Tuesday, September 13, 2011

Report from New York Yearly Meeting 2011

By Wayne Williams

Being both a member of New York Yearly Meeting (Brooklyn) and a student at ESR, I was invited by the school to attend the 316th Session of our Yearly Meeting this summer at Silver Bay, NY.  While there, I provided a presence for ESR and had the opportunity to meet and engage with Friends, old and new.  When asked to submit an article about my experience for ESR’s blog, Learning and Leading, I said that I would.  Why has it taken me so long to respond?  Only recently did I discern the reason for my delayed response - I have something to say that I don’t want to say.  New York Yearly Meeting needs prayer for its future.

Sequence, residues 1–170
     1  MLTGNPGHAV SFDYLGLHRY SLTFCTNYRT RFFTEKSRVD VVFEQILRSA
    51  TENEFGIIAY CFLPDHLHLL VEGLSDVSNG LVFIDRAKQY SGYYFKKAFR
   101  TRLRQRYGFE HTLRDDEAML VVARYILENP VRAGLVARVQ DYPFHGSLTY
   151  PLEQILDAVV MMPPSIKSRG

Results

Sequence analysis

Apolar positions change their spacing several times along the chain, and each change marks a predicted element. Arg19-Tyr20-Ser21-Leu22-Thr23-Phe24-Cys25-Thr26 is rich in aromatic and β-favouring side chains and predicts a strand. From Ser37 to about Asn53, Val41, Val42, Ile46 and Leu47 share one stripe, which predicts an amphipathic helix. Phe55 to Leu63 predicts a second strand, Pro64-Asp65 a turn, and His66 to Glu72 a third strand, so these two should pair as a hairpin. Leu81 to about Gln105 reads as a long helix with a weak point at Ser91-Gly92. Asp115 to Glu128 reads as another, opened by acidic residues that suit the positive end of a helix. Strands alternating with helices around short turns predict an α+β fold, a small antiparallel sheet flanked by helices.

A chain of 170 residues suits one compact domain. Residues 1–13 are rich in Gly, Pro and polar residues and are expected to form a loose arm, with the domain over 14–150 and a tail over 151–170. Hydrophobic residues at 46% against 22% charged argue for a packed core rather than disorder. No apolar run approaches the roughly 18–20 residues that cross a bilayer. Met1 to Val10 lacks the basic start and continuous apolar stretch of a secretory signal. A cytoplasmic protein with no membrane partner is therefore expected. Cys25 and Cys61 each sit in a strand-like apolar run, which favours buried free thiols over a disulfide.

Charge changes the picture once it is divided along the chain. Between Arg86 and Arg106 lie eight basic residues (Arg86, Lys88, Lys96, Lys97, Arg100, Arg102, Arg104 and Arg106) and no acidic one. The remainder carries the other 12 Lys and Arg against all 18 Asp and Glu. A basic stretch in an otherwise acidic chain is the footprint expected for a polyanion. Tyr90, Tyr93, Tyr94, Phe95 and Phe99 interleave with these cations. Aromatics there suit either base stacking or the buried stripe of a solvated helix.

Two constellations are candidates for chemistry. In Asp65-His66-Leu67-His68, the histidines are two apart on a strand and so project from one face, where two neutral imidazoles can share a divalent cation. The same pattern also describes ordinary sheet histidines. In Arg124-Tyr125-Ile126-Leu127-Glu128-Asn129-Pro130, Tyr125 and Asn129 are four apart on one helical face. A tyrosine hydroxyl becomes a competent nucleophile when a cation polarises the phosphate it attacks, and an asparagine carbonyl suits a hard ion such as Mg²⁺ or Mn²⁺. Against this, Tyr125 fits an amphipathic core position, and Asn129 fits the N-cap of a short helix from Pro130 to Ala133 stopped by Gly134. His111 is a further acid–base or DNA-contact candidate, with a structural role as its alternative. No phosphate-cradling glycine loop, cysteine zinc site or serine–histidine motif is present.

Christopher Sammond, NYYM General Secretary, reported a 50% loss of membership in the past 56 years.  Today’s membership is 8% less than what it was 10 years ago.  Only 32 of 53 Meetings mention new attenders in their State of the Meeting Report, and some meetings conclude that they do not have the energy to do outreach.  Many Meetings are in danger of being laid down because, as Christopher Sammond reports, “We are nearing the time when we may not have the necessary critical mass to do the work of outreach necessary to preserve many of our meetings.”  Christopher suggested that this steep downward trend could be averted only with a change in current behaviors.  He called us to carry this concern when decisions are made regarding resource allocation and programming.